Despite these dramatic techniques, network documentaries only occasionally generated ratings that were comparable with entertainment fare. By the middle of the decade, all three networks trimmed back their commitment to the genre for a variety of reasons and producers Wasserman and Gitlin moved on to other opportunities. Yet Freed remained with White Paper and continued to play a leading role with the series into the 1970s. He made major documentaries about the urban crisis, gun control, and environmental issues. He also produced numerous instant specials on breaking news events as well as three super-documentaries, which featured an entire evening of primetime devoted to a single issue. This concept, which was distinctive to NBC, originated in 1963 with a program on civil rights. It was followed in 1965 by Freed's twenty-year survey of American foreign policy and in 1966 by his program on organized crime. In 1973 he produced NBC's last super-documentary, a evening devoted to "The Energy Crisis." One year later, in the midst of a busy schedule of documentary production, Freed succumbed to a heart attack at the age of 53. His passing also marked the demise of NBC White Paper, for the network mounted only three more installments before the end of the decade. Although White Paper very occasionally returns to primetime, it lacks the autonomy, prestige, and resources that were characteristic of the series during the Freed era.

-Michael Curtin


Fred Freed

FRED FREED. Born 25 August 1920. Began career as magazine editor and writer; in broadcasting from 1949; managing editor at NBC-TV, for the daytime program Home, 1955; documentary producer for CBS-TV, late 1950s; producer of NBC's Today Show, 1961; exclusively in documentary production later. Recipient: three Peabody Awards; two duPont-Columbia Awards; seven Emmy Awards. Died in March 1974.


1961 NBC White Paper: Krushchev and Berlin
1962 NBC White Paper: Red China
1962 The Chosen Child: A Study In Adoption
1962 Dupont Show of the Week: Fire Rescue
1963 Dupont Show of the Week: Comedian Backstage 1963 Dupont Show of the Week: Miss America: Behind         the Scenes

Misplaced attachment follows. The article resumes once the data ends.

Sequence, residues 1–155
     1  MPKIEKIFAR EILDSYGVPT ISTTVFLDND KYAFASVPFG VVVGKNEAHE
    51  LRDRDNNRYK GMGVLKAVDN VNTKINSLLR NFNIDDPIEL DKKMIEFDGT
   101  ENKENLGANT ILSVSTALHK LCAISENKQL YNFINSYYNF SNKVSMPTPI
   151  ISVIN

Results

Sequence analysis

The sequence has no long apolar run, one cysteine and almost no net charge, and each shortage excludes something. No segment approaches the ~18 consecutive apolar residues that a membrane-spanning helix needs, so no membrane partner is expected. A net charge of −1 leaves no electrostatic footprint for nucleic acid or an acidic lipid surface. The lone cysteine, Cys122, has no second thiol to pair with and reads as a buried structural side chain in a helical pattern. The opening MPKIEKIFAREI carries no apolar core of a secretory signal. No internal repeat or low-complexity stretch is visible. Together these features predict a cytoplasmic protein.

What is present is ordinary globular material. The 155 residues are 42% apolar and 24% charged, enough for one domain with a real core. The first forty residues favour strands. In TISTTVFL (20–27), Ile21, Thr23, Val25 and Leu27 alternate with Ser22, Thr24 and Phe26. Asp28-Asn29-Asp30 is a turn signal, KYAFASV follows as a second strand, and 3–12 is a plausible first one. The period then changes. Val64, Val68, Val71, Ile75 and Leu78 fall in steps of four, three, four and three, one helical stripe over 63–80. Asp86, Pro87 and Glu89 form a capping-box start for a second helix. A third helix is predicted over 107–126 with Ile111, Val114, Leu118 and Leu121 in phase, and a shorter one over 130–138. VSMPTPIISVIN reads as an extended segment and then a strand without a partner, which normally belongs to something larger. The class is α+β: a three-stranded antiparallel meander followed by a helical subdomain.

1963 NBC White Paper: The Death of Stalin: Profile On         Communism
1963 NBC White Paper: The Rise of Krushchev: Profile         On Communism
1964 Dupont Show of the Week: The Patient in Room         601
1964 NBC White Paper: Cuba: Bay of Pigs 1964 NBC         White Paper: Cuba: The Missile Crisis
1965 NBC White Paper: Decision to Drop the Bomb 1965 American White Paper: United States Foreign         Policy
1965 NBC White Paper: Oswald and the Law: A Study         of Criminal Justice
1966 NBC White Paper: Countdown to Zero
1966 American White Paper: Organized Crime In         America
1967 The JFK Conspiracy: The Case of Jim Garrison 1968 NBC White Paper: The Ordeal of the American         City: Cities Have No Limits
1968 NBC White Paper: The Ordeal of the American         City: The People are the City
1969 NBC White Paper: The Ordeal of the American         City: Confrontation
1969 Who Killed Lake Eerie?
1969 Pueblo: A Question of Intelligence
1970 NBC White Paper: Pollution Is a Matter of Choice 1971 NBC White Paper: Vietnam Hindsight: How It         Began
1971 NBC White Paper: Vietnam Hindsight: The Death         of Diem
1973 NBC Reports: And Now the War is Over...The         American Military in the 1970s
1973 NBC Reports: Murder in America 1973 NBC         Reports: But is this Progress?
1974 NBC White Paper: The Energy Crisis: American         Solutions


Bluem, A. William. Documentary in American Television. New York: Hastings House, 1965.

Curtin, Michael. Redeeming the Wasteland. New Brunswick, New Jersey: Rutgers University Press, 1995.

Einstein, Daniel. Special Edition: A Guide to Network Television Documentary Series and Special News Reports, 1955-1979. Metuchen, New Jersey: Scarecrow, 1987.

Hammond, Charles M. The Image Decade. New York: Hastings House, 1981.

Yellin, David. Special; Fred Freed and the Television Documentary. New York: Macmillan, 1973.


See also NBC White Paper